If we’re honest about it, old targets shouldn’t give us as much comfort as they do. We still don’t understand as much as we would like to about most CNS conditions. Even well-known CNS targets aren’t as well-validated as we tell ourselves they are. In particular, we don’t fully understand the expression or functional roles of many of our drug targets in human neuronal circuits, or whether modulation of a particular target — and that target alone — will be necessary and sufficient to significantly affect a disease. In many cases, we do not know how an ideal molecule should interact with its target, or whether modulating the target will produce the expected results.
The complexities of CNS diseases tend to reinforce the mindset to pursue longstanding drug targets rather than looking for new ones. And investors, particularly venture and crossover biotech investors, are often looking for shorter time horizons to return profits, which is generally shorter than the time needed to develop drugs against new targets. As a result, their investment dollars often go to companies that are focused on minor advances or on delivery systems, rather than to companies that are pursuing new targets and mechanisms.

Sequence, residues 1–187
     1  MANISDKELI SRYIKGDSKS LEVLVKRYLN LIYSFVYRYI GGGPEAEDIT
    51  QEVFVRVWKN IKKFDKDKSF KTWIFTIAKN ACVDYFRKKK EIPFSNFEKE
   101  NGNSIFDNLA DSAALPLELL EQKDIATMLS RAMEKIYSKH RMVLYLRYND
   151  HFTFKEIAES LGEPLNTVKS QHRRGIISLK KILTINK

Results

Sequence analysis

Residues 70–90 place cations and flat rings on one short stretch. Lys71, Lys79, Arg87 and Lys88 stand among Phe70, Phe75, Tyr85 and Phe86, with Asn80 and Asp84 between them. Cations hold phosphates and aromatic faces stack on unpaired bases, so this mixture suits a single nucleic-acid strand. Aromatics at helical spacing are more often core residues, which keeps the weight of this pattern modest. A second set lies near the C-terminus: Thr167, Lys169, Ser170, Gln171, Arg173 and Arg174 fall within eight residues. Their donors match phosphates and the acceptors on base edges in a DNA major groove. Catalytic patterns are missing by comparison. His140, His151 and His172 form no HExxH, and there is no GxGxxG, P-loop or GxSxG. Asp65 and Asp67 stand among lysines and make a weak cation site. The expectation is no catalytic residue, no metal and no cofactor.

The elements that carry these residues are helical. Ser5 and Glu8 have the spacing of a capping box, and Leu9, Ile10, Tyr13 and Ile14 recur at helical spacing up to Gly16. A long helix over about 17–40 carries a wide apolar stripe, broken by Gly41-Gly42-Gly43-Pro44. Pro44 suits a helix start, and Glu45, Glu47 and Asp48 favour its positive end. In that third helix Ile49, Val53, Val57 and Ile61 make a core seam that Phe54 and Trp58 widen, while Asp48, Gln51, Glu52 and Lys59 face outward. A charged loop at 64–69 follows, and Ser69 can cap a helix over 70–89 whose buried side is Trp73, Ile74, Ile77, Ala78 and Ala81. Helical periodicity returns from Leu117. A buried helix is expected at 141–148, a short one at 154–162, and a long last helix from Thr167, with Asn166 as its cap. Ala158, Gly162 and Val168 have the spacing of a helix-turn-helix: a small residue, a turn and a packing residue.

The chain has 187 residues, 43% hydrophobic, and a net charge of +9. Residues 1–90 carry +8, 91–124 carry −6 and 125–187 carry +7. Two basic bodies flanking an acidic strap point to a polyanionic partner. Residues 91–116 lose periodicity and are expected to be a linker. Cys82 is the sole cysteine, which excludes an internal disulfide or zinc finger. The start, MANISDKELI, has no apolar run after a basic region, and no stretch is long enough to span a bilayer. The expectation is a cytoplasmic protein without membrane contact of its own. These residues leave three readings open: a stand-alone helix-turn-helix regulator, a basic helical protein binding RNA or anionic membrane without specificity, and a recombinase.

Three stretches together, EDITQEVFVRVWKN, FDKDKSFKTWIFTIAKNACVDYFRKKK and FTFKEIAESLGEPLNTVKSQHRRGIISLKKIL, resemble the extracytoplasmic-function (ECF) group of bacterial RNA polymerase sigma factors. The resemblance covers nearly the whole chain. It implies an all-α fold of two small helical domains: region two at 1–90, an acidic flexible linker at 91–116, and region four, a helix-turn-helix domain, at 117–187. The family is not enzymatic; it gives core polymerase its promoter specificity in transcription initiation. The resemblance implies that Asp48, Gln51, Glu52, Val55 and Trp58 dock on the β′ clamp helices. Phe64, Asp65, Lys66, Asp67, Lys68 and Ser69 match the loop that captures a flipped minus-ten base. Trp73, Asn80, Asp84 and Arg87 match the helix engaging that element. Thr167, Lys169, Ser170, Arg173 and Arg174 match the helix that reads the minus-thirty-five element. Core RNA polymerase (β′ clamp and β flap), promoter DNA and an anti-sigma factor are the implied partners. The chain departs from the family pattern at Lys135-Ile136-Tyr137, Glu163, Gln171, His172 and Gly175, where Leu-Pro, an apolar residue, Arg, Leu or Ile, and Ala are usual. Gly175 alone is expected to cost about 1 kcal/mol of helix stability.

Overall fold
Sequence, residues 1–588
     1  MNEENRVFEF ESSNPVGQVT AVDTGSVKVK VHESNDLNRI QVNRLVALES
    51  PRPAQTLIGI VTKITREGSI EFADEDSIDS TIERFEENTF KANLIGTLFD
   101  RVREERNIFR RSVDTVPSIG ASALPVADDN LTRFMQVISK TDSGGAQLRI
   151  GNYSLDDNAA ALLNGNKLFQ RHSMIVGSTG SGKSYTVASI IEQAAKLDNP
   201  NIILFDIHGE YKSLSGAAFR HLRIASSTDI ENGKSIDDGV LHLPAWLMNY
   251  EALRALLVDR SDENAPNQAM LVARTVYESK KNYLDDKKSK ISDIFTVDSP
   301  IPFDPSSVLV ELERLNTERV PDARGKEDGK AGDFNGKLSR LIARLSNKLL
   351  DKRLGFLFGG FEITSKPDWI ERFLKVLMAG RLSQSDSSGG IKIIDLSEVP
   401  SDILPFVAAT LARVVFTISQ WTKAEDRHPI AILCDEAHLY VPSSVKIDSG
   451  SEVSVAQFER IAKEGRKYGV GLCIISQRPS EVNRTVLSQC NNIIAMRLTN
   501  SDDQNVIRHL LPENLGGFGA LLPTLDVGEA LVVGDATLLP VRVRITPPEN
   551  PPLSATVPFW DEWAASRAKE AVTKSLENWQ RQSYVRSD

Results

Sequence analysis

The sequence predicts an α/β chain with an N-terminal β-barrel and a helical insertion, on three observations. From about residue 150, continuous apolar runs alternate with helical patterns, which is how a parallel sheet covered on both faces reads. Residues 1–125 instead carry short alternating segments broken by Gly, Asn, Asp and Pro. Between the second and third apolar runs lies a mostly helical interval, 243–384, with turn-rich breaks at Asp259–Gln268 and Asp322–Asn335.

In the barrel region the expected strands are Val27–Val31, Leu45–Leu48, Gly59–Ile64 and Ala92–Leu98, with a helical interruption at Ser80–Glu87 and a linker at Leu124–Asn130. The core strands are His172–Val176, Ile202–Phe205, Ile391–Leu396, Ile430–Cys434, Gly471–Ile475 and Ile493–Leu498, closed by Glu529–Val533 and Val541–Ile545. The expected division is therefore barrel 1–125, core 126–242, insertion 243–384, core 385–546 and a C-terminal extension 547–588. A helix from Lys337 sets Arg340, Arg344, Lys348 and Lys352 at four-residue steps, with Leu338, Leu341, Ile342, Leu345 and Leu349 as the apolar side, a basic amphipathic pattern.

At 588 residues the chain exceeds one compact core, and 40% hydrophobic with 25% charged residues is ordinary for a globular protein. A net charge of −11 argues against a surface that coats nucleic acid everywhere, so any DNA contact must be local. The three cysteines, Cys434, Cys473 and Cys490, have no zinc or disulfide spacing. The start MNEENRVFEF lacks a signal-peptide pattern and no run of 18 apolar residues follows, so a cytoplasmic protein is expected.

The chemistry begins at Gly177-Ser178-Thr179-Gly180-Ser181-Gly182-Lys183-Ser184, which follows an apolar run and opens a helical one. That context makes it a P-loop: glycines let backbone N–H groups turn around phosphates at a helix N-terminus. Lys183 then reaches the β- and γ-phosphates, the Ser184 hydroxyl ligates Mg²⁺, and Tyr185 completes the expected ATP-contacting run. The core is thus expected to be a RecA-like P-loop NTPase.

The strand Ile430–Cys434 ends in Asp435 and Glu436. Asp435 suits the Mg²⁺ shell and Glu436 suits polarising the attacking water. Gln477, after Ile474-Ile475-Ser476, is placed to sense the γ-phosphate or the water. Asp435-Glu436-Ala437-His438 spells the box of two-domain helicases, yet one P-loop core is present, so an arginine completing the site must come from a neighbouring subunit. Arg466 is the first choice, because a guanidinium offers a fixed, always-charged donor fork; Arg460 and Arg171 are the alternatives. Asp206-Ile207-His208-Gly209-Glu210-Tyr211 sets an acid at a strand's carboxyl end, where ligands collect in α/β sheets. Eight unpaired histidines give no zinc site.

But then what happens? Late-stage drug programs built on familiar targets produce headline-making failures with high frequency, leading global pharmaceutical companies to step away from neuroscience research altogether.
Companies that focus on identifying and pursuing new targets may help reverse this trend. New targets might, in fact, be less risky because the work that goes into finding them also generates new insights into CNS cell types, circuits, and disease mechanisms. Investors may ultimately find that it is less risky to invest in companies with truly new approaches than in companies pursuing existing, well-established targets.
While I’m hopeful that pursuing novel targets will yield effective new therapies for CNS disorders, I’m also aware of the many other challenges of drug development for these diseases. Validated biomarkers for stratifying patients early and tracking disease progression — rather than simply confirming target engagement or proof of mechanism — don’t yet exist. It is also possible that for complex CNS diseases, combination therapies with multiple targets may be required to achieve meaningful clinical efficacy. And clinical trials may need to be longer for disease-slowing therapies and may need to be designed differently and performed at earlier stages of the disease.
My colleagues and I started Cerevance to find and bet on new targets for brain diseases. For children with diseases like A-T, as well for the rest of us — especially as we grow older — I hope that this strategy will succeed and that others will join in this effort.
Brad Margus is co-founder and chief executive officer of Cerevance, a clinical-stage drug development company focused on brain diseases, and co-founder and volunteer chair of the A-T Children’s Project.